The PE captain did a quick run-through of the ship's systems and then started up the engines. A minute later three blips appeared on the radar, but they were moving much too slow to interfere. The Planet Express Ship rocketed skyward while the brains were still miles out of range.


The stars drifted lazily by. As had become habit over the years, Leela stared blankly at them until her mind worked itself into a kind of trance. It was the only way she could give herself a break from the thoughts and emotions that were roiling about inside her. Usually she put herself in this quasi-stupor to give herself a chance to ignore whatever stupid thing Fry was presently engaged in saying or doing. This time she was doing it to force herself to forget that he wasn't there.

Something clued Leela in to the fact that Nibbler was speaking to her. The PE captain fought to hold her hard-won state of oblivion, but it wasn't any good. She was awake again.

Nibbler seemed to notice the glazed expression on his companion's face. "I apologize. Sometimes my race's highly evolved manner of speaking can be hard to follow. I know that you were trying your best to pay attention. How much do you need for me to repeat?"

"Stupid condescending rodent," thought the cyclops. What she said was: "Uhh, better start from the beginning."

"Very well. I was recounting the gruesome series of events of the last 24 hours. It all began when the brainspawn, the sworn enemy of my race, appeared suddenly at the fringes of the Earth's solar system. It was lucky that there happened to be a cargo ship within sensor range at the time or the brains wouldn't have been detected at all."

Leela cut him off. "I know I know, I've heard the story already. Didn't I tell you that I've come from the future to stop the attack?"

The Nibblonian stared at her for a few seconds. "Umm... No, you mentioned nothing of the sort. This makes several statements you made earlier much more clear..."

Leela gave him a funny look. "I didn't?” she asked with just a bit of incredulity. "Wow, I could have sworn that I had. Oh well... Yeah, the reason you couldn't find me today was that I got myself frozen in a cryotube over at the place I've been working since I got fired. I woke up a few days ago, uhh I mean a thousand years from now, to find New New York in ruins, the Earth a barren wasteland; you know, standard apocalypse stuff. It was really pretty awful."

"But somehow you found a means to return to this time period?" The Nibblonian made a series of excited babbling noises before continuing: "Please, I know it will be hard on you, but you must describe your ordeal to me. It is imperative that I hear every word, every minor detail. Knowledge of the future would be a devastating weapon against the brainspawn; it might even be enough to assure victory in the intergalactic war that is surely to come now that the brains have taken Earth! Please, you must tell me what happened to you."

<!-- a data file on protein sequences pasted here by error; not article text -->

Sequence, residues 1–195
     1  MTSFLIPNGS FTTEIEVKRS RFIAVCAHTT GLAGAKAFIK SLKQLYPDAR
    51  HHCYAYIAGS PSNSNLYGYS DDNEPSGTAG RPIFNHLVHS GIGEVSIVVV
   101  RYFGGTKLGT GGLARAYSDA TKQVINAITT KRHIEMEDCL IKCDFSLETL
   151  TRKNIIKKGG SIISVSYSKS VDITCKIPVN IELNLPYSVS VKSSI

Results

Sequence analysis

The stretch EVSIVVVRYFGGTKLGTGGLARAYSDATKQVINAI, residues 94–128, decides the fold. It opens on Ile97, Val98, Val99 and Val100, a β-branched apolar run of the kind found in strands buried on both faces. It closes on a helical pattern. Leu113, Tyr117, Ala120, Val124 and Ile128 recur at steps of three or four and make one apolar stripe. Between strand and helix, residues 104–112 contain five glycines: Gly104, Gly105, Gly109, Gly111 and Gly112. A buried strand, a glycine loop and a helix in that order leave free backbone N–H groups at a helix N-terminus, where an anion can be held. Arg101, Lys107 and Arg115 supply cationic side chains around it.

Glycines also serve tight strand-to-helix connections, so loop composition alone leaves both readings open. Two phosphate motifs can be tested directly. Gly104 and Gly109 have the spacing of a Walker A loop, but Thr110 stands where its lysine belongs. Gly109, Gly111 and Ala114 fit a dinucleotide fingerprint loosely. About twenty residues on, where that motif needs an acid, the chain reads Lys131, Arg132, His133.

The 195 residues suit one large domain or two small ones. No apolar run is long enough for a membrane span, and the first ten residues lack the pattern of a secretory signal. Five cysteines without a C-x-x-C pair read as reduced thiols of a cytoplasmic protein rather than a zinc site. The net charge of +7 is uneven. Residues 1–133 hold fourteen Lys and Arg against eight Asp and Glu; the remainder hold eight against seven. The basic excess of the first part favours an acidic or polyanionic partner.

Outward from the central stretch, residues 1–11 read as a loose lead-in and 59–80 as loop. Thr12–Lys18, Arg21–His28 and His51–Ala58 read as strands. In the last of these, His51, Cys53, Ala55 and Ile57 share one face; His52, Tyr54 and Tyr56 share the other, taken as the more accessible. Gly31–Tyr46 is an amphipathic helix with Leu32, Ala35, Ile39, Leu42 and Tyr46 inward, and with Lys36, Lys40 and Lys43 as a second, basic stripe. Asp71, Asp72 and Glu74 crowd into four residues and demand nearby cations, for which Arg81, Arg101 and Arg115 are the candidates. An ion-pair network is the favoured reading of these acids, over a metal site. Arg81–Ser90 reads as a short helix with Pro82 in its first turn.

"Is it really that important?" The expression on Nibbler's face answered for him.

The PE captain sighed and sat deeper into her chair. It would be painful to purposely dredge up the events of the past few days and scrutinize them again, but if Nibbler really thought it could be useful...

"Alright, I... I guess if you really have to hear it now."

Leela mentally gritted her teeth and dove into the story. She explained how she had been frozen and then awakened a millennium later to face the decaying ruins of New New York. Nibbler's head drooped as she described her walk through the desolation of the city. She passed over the part where she had been chased through the streets by her own fears and skipped to the point where she met future-Nibbler, neglecting to mention the part where she tossed him across the room. It only took a few more minutes to explain the plan and the way she had managed to fling herself back in time, only to be marooned and then arrive too late to help. Finally, steeling herself against the tears that she knew would come; she forced herself to explain those last moments in the tower and the loss of the time machine.

"... And then Fry squeezed the trigger and I was flying through the air, and then everything went dark." She had to pause for a moment to gather herself together, but she knew that Nibbler had to hear this so she forced herself to continue. "I woke up once, maybe for 5 minutes. I was in so much pain that I couldn't think straight. I tried to make the time device work but... but it fell and disappeared. Then I passed out again, and when I woke up you were standing over me." There was something that seemed wrong about that last part. What was it?

"And you would have soon been dead if I had not happened to come across your body in the ruins while searching for Fry's. It is lucky that I had had the foresight to retrieve my medical kit from my ship before the brains began their invasion. Astonishing. If the universe survives, your tale surely will be entered into the great chronicles of Eternia, where countless generations will hear of your quest and learn of the bravery and will of The Other. It is a shame then that..."

Nibbler, the ship, and the lazy stars all blurred together into a gauzy silence as Leela let herself zone out again. This time though it wasn't to avoid thinking. Something was bothering her, and if the last few days were any clue, it was best to pay attention to the little voice in the back of her head that was quietly but constantly whispering 'does not compute'.